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    Children with ADHD at greater risk when crossing the street: study

    July 27, 2011

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    Birmingham, AL – Children with attention deficit hyperactivity disorder are at an increased risk of being struck by a motor vehicle while crossing the road, indicates a study released July 25 by the University of Alabama at Birmingham.

    According to a study abstract, researchers assessed the behaviors of 78 children between the ages of 7 and 10 at a simulated street crossing. Although the study participants with ADHD looked both ways when approaching the intersection, which non-ADHD participants also did, the children with ADHD attempted to cross through shorter gaps between traffic and allowed themselves less time to safely make it through the crosswalk, according to a UAB press release.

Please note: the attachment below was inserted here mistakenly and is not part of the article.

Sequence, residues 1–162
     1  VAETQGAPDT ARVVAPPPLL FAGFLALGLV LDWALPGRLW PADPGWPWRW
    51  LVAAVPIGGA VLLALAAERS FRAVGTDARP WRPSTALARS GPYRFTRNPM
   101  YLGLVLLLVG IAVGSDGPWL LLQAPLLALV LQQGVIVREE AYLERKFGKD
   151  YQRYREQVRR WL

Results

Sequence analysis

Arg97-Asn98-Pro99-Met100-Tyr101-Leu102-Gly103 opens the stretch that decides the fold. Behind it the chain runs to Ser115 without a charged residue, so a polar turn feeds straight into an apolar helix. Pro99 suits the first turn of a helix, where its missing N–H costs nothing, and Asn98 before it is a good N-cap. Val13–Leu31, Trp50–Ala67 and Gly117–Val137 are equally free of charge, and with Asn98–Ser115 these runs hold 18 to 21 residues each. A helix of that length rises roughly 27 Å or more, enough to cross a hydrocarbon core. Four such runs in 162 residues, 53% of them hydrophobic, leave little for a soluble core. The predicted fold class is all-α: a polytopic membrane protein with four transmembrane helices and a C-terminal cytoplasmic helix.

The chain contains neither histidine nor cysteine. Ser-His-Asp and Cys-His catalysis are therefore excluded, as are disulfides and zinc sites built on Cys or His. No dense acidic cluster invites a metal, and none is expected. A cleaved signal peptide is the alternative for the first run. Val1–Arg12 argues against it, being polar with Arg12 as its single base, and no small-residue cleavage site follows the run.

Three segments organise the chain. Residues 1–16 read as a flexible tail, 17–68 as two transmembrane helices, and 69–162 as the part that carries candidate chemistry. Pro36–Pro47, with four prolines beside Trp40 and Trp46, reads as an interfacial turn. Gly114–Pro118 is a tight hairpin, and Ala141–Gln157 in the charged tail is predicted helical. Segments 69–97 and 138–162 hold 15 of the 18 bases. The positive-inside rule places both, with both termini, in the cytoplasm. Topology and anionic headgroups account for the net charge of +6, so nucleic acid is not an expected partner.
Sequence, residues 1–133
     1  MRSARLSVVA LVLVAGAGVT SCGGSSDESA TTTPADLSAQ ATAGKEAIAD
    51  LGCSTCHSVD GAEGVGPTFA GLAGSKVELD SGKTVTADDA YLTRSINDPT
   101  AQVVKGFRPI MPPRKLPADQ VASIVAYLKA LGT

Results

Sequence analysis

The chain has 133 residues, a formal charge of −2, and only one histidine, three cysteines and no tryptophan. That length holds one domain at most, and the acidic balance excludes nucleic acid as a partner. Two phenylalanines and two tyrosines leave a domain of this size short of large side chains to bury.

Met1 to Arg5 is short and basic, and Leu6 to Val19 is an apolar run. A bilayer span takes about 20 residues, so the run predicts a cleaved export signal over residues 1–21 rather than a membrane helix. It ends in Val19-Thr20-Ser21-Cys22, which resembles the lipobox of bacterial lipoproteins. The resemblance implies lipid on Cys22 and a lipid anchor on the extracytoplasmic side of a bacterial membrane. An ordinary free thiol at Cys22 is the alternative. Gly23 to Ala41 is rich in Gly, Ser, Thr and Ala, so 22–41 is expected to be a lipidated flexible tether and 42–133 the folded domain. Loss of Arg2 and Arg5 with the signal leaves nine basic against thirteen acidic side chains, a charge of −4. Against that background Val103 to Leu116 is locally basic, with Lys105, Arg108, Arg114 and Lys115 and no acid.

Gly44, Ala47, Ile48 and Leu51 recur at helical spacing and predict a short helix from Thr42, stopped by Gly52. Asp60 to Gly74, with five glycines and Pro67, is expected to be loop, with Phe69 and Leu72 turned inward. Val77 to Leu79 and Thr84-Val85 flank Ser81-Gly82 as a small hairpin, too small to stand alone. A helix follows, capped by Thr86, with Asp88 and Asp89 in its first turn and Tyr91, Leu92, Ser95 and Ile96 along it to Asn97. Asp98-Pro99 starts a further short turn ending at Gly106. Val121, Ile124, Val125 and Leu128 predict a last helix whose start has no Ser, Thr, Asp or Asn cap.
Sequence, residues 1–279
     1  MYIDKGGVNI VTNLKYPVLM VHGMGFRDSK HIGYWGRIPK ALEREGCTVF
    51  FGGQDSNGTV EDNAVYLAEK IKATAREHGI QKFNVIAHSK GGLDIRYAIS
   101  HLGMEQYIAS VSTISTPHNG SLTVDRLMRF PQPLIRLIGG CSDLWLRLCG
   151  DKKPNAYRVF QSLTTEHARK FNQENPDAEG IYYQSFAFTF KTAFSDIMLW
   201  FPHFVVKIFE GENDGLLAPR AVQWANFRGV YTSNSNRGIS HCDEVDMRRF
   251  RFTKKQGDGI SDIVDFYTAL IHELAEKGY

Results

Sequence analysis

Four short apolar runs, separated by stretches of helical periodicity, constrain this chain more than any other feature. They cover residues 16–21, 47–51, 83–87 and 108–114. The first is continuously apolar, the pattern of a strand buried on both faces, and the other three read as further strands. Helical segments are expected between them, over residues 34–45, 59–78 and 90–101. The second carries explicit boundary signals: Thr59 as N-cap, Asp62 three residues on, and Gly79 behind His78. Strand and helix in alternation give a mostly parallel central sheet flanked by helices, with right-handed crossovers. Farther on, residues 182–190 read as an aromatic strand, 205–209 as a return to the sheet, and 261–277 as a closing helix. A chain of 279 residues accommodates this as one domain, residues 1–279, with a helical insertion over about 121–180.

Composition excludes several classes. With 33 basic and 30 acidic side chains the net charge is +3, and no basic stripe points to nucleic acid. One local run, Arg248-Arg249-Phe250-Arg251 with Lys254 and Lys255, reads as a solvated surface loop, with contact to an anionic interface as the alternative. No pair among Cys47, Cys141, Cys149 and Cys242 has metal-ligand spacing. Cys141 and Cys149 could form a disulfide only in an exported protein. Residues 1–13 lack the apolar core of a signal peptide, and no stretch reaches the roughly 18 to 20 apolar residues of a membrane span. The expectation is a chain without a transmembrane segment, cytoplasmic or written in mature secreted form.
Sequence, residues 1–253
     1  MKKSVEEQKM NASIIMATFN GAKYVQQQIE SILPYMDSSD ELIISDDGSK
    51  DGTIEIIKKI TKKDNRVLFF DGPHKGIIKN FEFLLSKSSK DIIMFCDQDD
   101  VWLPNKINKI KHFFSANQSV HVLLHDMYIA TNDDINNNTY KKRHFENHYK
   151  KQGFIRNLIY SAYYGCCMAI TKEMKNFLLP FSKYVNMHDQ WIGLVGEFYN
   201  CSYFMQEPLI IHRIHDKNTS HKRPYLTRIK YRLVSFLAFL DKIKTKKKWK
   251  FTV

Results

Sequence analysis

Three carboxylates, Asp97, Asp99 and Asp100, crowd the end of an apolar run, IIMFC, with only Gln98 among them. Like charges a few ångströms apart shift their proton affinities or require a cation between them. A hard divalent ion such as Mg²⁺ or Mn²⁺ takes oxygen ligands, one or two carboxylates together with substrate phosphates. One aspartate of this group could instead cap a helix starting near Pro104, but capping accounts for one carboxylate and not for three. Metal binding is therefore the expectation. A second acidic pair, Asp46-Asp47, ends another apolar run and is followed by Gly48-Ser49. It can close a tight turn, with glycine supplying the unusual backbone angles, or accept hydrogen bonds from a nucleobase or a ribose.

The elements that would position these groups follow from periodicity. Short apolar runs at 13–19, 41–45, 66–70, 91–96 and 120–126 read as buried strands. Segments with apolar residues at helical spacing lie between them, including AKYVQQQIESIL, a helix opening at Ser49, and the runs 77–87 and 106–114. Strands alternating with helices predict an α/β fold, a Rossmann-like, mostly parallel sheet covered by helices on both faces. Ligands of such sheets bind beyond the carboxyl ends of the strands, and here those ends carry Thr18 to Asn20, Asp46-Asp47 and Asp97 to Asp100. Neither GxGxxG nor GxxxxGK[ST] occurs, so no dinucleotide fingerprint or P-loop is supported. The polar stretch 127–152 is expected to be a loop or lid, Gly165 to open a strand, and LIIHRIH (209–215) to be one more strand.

Researchers believe this risky action may be caused by poor executive functioning among children with ADHD. Executive function can control timing, inhibition, planning and execution.

    Researchers suggested parents consider delaying the age at which children with ADHD are allowed to cross the street by themselves, and offer extra practice to help children correctly identify safe gaps in traffic.

    The study was published in the journal Pediatrics.

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